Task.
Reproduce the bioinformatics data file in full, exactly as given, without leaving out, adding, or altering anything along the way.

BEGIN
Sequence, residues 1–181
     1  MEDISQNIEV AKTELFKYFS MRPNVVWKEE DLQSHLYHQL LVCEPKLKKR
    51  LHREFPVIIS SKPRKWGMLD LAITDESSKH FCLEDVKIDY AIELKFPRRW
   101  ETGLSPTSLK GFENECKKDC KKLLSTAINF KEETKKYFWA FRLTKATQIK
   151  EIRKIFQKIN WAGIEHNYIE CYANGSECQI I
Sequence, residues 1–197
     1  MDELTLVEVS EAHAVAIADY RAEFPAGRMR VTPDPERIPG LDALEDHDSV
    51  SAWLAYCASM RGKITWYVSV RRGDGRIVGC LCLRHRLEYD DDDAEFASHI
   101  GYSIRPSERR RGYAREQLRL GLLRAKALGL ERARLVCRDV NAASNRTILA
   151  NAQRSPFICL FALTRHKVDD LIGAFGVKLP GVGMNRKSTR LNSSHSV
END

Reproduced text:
Sequence, residues 1–181
     1  MEDISQNIEV AKTELFKYFS MRPNVVWKEE DLQSHLYHQL LVCEPKLKKR
    51  LHREFPVIIS SKPRKWGMLD LAITDESSKH FCLEDVKIDY AIELKFPRRW
   101  ETGLSPTSLK GFENECKKDC KKLLSTAINF KEETKKYFWA FRLTKATQIK
   151  EIRKIFQKIN WAGIEHNYIE CYANGSECQI I
Sequence, residues 1–197
     1  MDELTLVEVS EAHAVAIADY RAEFPAGRMR VTPDPERIPG LDALEDHDSV
    51  SAWLAYCASM RGKITWYVSV RRGDGRIVGC LCLRHRLEYD DDDAEFASHI
   101  GYSIRPSERR RGYAREQLRL GLLRAKALGL ERARLVCRDV NAASNRTILA
   151  NAQRSPFICL FALTRHKVDD LIGAFGVKLP GVGMNRKSTR LNSSHSV